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Filling out the Free Application for Federal Student Aid (FAFSA®) is an important step in figuring out how to pay for college and the only way to receive federal aid to offset college costs. Despite being free to complete, many families still forgo the process because of misinformation. Don't let these top four FAFSA myths prevent you from receiving the money you need for college.

Myth #1 - My Family Doesn't Qualify for Financial Aid

Don't assume that you make too much money to qualify for financial aid. Most people qualify for some aid. The FAFSA calculates your Expected Family Contribution (EFC) based on many factors, such as parent's age, number of dependent children and income.

The FAFSA is used for more than free aid. Many schools use the FAFSA to determine eligibility for merit-based scholarships, grants, work-study programs and federal student loans. There is no income cap to be eligible for federal student aid. While higher income families may not be awarded need-based aid, your child may still be eligible for merit-based grants or scholarships and federal loans.

Myth #2 -My Child Doesn't Have Strong Academic Scores

Merit-based awards look at a student's grades and achievements, and these awards make up a small percentage of the aid awarded.

According to the U.S. Department of Education, most of the need-based federal student aid programs do not take a student's grades into consideration.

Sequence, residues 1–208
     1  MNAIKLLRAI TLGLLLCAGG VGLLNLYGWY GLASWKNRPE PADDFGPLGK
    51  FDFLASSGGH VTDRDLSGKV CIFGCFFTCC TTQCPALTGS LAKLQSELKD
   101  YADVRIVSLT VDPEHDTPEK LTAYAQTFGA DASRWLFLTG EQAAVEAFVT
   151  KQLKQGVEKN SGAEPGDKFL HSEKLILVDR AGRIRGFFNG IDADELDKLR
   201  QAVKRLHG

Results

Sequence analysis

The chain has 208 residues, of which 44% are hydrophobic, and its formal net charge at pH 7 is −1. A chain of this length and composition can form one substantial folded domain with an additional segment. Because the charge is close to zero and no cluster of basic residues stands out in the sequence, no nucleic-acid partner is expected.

Myth #3 -My Tax Info Isn't Complete

The FAFSA process allow families to use the prior-prior year's tax return to complete the application. Therefore, students applying for the 2019-20 school year should use 2017 tax information. This makes filling out the FAFSA easier.

In the past, families typically started the FAFSA in January before they had completed their taxes for the previous year. If parents did not have their taxes done yet, they would have to estimate their tax information and then go back to correct it once their taxes were filed. With the use of the prior-prior tax return, families should already have their taxes filed when completing the FAFSA.

Myth #4 -My Family Didn't Qualify Last Year

Each year is different, and the application can help students identify new changes within their family's financial situation that they might not be aware of. For example, one year, a family might have one child in college, and therefore their EFC would be higher. However, if the family has two children in college the following year, their EFC would be different. The family might be eligible for more aid since they are supporting two children through college at the same time.

If your child is going to college after June 30, then you can submit the FAFSA as early as October 1 - and the earlier, the better, since some aid is awarded on a first-come, first-served basis. Fill out and submit the FAFSA as soon as possible to be eligible for the most aid.

Parents and students should fill out the FAFSA every year no matter what. Filing online is quicker, but families can also submit the application through the mail. It is better to submit the application than to leave needed financial aid on the table. If you feel like the FAFSA process is overwhelming or confusing, you are not alone. Check out Discover's FAFSA assistant to get tips and guidance based on your personal situation.

FAFSA is a registered service mark of the U.S. Department of Education and is not affiliated with Discover Student Loans.

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